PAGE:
If you don't see your comment after publishing it, refresh the page.
Comments are closed.
She approached Holofernes and, with a sword concealed under her robe, severed his head.
Here are examples of games that need to be played by more than one person and an added bonus: they’re all Shabbos-friendly.
The incident was completely unforeseeable. The only term to describe the set of circumstances surrounding it is “freak occurrence.”
The first Chabad Center in Broward County, Chabad of South Broward, now runs nearly fifty programs and agencies. T
The NHS was also honored to have Bob Diener as keynote speaker.
Written with flowing language and engaging style, Attar weaves a spell that combines mystery, humor, adventure and Kabbalah in the most magical place in the world, the Old City of erusalem.
There are those who highlight the diversity of these different teachings, seeing each rebbe as teaching a separate path.
Rav Dynovisz will be speaking in Hebrew on Wednesday, January 7, at 7:30 p.m.
Rabbi Simeon Schreiber, senior chaplain at Mount Sinai Medical Center in Miami Beach, saw a small room in the hospital that was dark and dismal but could be used for Sabbath guests.
“The secret to a good donut is using quality ingredients and the ability to be patient and give them time to proof.”
I so desperately want to have a loving relationship with my stepsons.
The Liberty Bell is a symbol of American Independence.
Because you can’t have kids pouring huge jugs of oil into tiny glasses, unless you want to turn your house into an environmental disaster.
Cooking according to Chanukah tradition doesn’t have to be boring! Though it’s unlikely that any Maccabee ever saw a potato, latkes are traditionally made with potatoes and that particular “traditional” dish is based on a South American tuber that didn’t cross the Atlantic until the sixteenth century.
One of the cool benefits of living way north of the GW Bridge and the Big Apple is that we are in real apple country. On a whim, we can take the kids to a local orchard not ten minutes from our house, and become one with nature. It feels just like the olden days – only back then, the farmers would pay hired hands to pick the apples, while we actually pay the farmers to please, please let us harvest their fruit.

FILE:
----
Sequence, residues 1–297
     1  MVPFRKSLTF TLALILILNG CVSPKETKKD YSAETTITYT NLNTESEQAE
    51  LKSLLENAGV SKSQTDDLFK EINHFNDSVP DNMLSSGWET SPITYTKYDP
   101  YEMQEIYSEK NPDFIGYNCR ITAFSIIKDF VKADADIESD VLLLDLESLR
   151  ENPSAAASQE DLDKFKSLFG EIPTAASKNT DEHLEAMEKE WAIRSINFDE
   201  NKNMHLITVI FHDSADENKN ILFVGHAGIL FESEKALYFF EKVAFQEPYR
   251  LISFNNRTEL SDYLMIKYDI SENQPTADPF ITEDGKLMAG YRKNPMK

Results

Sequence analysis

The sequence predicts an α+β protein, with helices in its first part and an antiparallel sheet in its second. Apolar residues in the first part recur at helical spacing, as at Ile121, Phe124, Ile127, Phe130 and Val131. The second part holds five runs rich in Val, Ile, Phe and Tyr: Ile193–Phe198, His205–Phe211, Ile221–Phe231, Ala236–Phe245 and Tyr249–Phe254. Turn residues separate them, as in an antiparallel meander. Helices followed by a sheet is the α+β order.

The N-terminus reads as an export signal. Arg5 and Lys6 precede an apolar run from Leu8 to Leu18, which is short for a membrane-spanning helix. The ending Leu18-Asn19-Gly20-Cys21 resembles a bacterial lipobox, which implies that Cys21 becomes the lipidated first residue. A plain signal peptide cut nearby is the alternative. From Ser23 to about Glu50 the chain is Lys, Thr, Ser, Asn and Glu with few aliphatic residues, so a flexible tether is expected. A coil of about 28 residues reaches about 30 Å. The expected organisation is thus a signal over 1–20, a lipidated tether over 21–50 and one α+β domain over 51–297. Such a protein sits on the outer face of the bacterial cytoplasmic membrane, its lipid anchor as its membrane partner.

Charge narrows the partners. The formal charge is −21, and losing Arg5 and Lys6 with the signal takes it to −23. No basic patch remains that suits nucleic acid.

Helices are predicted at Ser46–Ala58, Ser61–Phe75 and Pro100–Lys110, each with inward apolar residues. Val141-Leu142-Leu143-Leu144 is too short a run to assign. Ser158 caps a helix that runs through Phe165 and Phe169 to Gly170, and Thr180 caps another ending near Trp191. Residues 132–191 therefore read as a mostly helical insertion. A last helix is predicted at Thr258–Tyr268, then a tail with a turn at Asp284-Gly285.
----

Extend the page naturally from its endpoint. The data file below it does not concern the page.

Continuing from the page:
I love hosting backyard barbecues on sunny, cloudless days. Hubby at the grill. Me sitting poolside, sipping a pina colada as the kids splash around. After the party’s over, I’ll lounge a while with a novel.
I try to make it a point to work things into my life – including insane schedules, impossible goals and conflicting priorities – in the most upbeat way I can. OK, so it doesn’t always work. What surprises me is how shocked people are when I tell them I just can’t handle everything.
I sometimes — ok, often — envy my friends who cook daring, exotic dishes and throw crazy things like fruit into veggie salads. Innovative stuff like that doesn’t go over so well in my house. I can prepare it, but Hubby will stare down at the unfamiliar thing on his plate with suspicious distaste. He’s a creature of habit, even more so a creature of tradition. Not only does he want to eat the same things, he wants it prepared in the most traditional way. To him, it’s not really Shabbos without classic gefilte fish and chicken soup. And even when its 99 degrees outside, steaming hot cholent and potato kugel better be on the menu.
This is the final cleaning phase and your vacuum cleaner is going to be running all week long! Go over all the bedrooms, living spaces, offices, the dining room, kitchen – every possible area that needs to be vacuumed.
Printed from: http://www.jewishpress.com/sections/food/countdown-to-passover-establish-a-passover-center-shop-and-clean/2010/03/11/
Scan this QR code to visit this page online: